I really must stop rising to the bait.

  25. In the big mountain sections will the cut-off time limits remain the same?
    Do they go propotionally up depending on the severity of the stage?
    Or could we see many riders being eliminated?

    I freak out about a local downhill section (about 6km at 5% with around 1km over 10%).
    So seeing this is quite mental to me really!

  26. Beev: word is ASO have looked up the Sarenne… but rejected it after seeing the surface and the regional govt refused to resurface it just for the race.

    Andy: cut-off limits vary from stage to stage, the harder/longer the stage the longer the delay allowed.

  27. Owen: I am not joking. Of course, I live in Tahoe, so I ride in the snow regularly. Which is beside the point, as the snow was not sticking to the road surface (except in one short section which is completely flat, just lined with trees so no sun). Look up Andy Hampsten’s 1988 triumph on the Gavia – in a snowstorm – a career defining moment.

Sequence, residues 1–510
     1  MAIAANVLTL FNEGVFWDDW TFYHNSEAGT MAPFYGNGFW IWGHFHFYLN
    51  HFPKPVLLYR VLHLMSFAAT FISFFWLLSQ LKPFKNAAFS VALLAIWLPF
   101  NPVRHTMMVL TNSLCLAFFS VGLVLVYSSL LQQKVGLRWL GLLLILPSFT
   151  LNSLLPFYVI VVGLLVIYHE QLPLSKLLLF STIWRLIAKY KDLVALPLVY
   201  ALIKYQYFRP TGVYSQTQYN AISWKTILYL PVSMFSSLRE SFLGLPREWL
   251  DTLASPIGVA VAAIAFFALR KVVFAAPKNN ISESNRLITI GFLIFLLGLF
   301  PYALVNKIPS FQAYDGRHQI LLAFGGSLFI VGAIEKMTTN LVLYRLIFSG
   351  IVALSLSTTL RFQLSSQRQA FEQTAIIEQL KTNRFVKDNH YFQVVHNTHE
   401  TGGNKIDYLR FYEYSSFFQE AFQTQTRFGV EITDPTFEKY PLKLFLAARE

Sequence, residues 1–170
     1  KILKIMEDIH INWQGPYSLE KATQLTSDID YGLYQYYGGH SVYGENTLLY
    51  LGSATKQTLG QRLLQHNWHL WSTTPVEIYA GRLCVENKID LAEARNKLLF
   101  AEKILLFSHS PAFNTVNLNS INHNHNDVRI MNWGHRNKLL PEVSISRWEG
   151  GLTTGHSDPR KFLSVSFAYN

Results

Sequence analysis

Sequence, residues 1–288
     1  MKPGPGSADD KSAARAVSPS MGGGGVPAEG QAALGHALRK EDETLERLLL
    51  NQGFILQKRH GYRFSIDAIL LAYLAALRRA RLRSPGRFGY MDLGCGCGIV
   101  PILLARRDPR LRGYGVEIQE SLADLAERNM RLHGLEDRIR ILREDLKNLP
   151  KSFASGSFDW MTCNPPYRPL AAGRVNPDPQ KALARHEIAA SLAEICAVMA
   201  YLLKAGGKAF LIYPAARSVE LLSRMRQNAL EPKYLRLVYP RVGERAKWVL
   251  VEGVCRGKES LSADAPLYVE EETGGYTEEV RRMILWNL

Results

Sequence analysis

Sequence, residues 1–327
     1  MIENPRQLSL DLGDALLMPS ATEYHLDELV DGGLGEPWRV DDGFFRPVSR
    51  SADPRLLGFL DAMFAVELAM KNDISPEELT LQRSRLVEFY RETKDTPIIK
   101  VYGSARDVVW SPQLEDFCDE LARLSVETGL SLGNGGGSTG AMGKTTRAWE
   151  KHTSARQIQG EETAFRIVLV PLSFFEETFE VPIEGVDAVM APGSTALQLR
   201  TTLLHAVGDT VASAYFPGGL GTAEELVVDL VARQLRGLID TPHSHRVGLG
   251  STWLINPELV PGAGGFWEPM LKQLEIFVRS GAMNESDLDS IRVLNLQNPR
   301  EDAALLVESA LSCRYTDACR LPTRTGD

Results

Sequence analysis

Moving the start of stage 2 to Nevada City was absurd. By the morning the roads were completely dry. Sure it was 32F – not the most comfortable temp to ride in – but bike racing is a job, and if riders are unwilling to do the job they were hired to, they can always go dig ditches, or serve fast food etc..
    IMO, bike racing should be about more than just who can pedal up the hill fastest. Bike handling skills should be tested just as often.

  28. Whoever is fatigued or not a good bike handler should take it easy on the steratto flat and on the descent. They will lose 20-30 seconds, a minute max. This section is followed by Zoncolan where the gaps can be more than 10 times larger.

    Their job is to win races. It is a really a strenuous argument to blame the flat steratto section or the downhill in the middle of the stage for missing the cut or potentially missing a win.

    My job is to be at work on time. If I am late for an important meeting should I speed or run a yellow light knowing full well that it’s dangerous? Probably not, I should have taken off earlier (climbed the Crostis better). If I couldn’t then I should take the punishment, miss the meeting (time cut off) and live to fight another day.

    I understand that people use complaining about Monte Crostis as a coping mechanism for Wouter Weylandt tragic death but enough is enough – the two things are hardly related at all.

Comments are closed.